(SEE ALSO: The difference between “points” points and “cash” points (and why it’s important))
Another program that has a fixed amount for points is if you redeem your points through the Chase Ultimate Rewards travel portal. There, points are worth between 1 and 1.5 cents per point, depending on which Chase credit card you have. If you have the Chase Sapphire Reserve, your redemptions through the Ultimate Rewards travel portal will be at 1.5 cents per point, no matter what you redeem for. Chase Sapphire Preferred or Chase Ink Preferred cardholders redeem for 1.25 cents per point, and all other Chase cardholders redeem at a flat 1 cent per point.
What type of everyday spending earns frequent flyer miles?
Historically, the way that you earned airline miles was through actually flying on the airline in question. That’s why they’re called “miles” after all! But now, it’s much more important to have the airline credit card and spend money on it. If you’re wondering how to accrue frequent flyer miles without flying, it’s quite easy with the airline credit card. Most airlines, hotels, and banks have credit cards that help you earn more miles.
The ways that you can use your everyday spending to earn frequent flier miles depends on the airline loyalty program and airline credit card in question. Different cards earn different amounts. Some earn a flat percentage on all spending, while others give bonuses for spending in specific categories. To know how to choose the right card to earn frequent flyer miles, you’ll want to analyze your own spending and travel patterns and find the best card that works for you.
One of the best ways to earn frequent flyer miles is via spending – much more so than actual traveling. Of course, if you are a frequent traveler (especially if your work or someone else is paying for it), you will also want to maximize your earning through staying at hotels and flying with airlines. This can also be an effective way to get more miles and points, if you’re wondering how do you earn travel rewards without a credit card.
What are the benefits of frequent flyer miles?
There are many benefits of frequent flyer miles. The biggest benefit would be to get a free flight without spending your hard-earned cash. Now, the flight isn’t exactly “free”, since a) there may be taxes and fees that you still have to pay in cash and b) it’s important to be aware of the opportunity cost of other rewards you could have earned instead of frequent flyer miles. Still, there are few better feelings than getting a free flight with miles, especially if it’s in business class, first-class or another premium cabin!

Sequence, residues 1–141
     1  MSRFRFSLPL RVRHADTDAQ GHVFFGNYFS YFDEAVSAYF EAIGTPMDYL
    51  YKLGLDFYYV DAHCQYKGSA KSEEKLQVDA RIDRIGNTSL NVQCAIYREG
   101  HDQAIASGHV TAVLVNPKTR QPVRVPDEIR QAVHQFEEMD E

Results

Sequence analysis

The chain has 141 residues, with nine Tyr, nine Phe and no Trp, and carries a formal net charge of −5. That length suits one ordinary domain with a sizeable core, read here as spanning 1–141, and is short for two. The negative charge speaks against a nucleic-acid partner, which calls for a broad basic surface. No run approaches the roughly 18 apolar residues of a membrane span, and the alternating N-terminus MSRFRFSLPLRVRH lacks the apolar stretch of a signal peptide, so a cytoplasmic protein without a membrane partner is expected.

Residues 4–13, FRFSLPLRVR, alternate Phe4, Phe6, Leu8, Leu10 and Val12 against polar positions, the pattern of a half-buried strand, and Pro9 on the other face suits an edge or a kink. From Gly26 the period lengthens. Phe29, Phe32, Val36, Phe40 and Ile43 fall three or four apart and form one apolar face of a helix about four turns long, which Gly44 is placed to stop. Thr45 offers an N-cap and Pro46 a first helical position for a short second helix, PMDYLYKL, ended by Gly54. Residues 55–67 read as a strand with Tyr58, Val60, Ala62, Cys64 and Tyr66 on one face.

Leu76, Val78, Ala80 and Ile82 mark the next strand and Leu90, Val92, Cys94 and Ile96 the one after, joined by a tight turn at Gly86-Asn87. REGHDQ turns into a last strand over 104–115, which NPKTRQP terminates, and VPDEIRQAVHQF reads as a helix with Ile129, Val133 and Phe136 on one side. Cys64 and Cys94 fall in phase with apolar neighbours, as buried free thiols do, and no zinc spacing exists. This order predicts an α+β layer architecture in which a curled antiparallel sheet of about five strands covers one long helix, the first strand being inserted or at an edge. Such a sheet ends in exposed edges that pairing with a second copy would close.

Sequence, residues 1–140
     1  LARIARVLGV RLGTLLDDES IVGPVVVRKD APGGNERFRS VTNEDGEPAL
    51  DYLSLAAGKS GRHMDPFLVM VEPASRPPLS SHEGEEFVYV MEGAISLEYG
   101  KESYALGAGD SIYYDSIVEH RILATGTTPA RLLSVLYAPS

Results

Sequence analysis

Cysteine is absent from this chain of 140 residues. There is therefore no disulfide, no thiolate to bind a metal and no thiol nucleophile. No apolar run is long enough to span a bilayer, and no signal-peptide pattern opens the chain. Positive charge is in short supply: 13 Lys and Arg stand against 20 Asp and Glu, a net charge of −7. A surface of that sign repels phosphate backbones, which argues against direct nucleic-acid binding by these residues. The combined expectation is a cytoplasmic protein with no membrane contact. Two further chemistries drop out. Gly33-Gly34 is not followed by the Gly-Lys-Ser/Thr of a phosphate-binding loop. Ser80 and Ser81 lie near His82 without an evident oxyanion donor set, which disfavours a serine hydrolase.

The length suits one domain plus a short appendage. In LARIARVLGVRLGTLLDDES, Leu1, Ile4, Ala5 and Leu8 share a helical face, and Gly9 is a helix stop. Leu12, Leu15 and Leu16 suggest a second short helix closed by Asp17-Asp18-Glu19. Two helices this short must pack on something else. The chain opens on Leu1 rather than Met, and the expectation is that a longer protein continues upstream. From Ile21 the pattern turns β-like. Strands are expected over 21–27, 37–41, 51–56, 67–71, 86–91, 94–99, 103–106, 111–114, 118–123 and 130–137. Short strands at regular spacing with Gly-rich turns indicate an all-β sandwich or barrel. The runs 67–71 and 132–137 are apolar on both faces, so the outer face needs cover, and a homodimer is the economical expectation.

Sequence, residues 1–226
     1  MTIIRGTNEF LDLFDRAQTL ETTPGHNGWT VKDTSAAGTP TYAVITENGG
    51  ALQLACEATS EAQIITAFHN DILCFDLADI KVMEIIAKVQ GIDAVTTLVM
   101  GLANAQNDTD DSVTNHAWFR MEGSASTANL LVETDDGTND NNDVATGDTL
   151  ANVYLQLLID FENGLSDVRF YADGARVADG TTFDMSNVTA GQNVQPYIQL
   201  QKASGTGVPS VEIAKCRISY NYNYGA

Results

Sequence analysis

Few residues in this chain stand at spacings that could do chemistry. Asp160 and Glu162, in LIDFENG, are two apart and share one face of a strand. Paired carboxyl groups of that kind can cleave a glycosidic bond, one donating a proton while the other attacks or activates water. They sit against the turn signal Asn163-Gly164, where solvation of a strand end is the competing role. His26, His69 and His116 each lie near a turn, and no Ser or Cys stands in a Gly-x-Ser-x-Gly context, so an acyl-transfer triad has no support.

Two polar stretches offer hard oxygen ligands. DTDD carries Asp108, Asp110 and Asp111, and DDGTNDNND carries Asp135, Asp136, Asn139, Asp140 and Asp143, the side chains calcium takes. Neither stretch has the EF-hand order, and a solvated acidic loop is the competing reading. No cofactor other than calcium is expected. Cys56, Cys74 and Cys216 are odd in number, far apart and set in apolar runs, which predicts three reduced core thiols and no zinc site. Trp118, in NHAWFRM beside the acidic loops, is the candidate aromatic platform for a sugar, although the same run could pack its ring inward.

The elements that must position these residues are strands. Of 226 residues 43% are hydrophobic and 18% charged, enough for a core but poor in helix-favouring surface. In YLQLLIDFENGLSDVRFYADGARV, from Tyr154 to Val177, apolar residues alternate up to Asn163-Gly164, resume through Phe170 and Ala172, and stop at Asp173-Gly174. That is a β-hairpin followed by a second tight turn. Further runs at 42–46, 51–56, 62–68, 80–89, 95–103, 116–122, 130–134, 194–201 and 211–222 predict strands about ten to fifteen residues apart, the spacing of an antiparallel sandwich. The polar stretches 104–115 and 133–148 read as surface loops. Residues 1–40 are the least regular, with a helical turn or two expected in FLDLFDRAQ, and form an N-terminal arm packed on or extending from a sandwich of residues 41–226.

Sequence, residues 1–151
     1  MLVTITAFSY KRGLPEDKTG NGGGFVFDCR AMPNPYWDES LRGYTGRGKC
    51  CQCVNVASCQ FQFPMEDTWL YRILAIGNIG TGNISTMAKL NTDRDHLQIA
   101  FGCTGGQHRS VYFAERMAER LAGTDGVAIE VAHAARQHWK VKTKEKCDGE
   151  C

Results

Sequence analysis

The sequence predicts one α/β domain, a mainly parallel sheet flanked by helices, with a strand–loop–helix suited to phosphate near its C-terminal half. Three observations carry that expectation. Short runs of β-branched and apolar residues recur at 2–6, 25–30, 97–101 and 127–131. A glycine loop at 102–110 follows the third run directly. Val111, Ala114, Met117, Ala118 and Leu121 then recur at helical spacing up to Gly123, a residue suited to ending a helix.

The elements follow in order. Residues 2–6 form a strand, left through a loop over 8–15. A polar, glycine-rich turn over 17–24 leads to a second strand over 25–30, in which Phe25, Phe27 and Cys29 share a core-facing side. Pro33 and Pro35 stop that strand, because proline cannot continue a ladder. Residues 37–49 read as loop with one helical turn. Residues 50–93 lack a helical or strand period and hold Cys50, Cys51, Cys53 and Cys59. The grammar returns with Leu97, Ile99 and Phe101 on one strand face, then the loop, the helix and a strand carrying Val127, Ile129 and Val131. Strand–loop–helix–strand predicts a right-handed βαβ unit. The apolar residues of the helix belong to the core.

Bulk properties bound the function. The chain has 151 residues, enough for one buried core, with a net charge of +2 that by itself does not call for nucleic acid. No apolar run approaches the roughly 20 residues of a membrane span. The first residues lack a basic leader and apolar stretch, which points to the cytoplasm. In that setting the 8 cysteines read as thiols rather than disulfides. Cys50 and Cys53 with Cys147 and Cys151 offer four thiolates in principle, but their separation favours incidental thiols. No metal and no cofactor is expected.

Frequent flyer miles and programs can also help you with elite status on airlines, and many airline credit cards offer perks like bonus miles, free checked bags, improved boarding area and other things to make your travel experience more pleasant.
How to redeem frequent flyer miles
If you want to know how to redeem frequent flyer miles, there are many different ways to redeem frequent flyer miles. Generally, you will get the best value for redeeming your frequent flyer miles for flights on the airline in question (or one of their alliance partners). It’s important to keep in mind what mistakes you should avoid when redeeming airline miles. One of the biggest mistakes is trying to use convert airline miles into either cash, other forms of travel (hotel or car rentals), gift cards, or merchandise. It’s very rarely a good way to redeem points or miles in that regard. It’s much better to use your airline miles for an award ticket through the same frequent flyer program. If you have American Airlines miles, use them at aa.com to book a flight on American Airlines or their partner. If you have Delta Sky Miles, book a flight through Delta’s site, etc.
It is sometimes POSSIBLE to transfer miles between airline loyalty programs, but it’s rarely a good idea.
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As FFY currency continues to erode in value why don’t airlines allow for conversion to their shares of stock?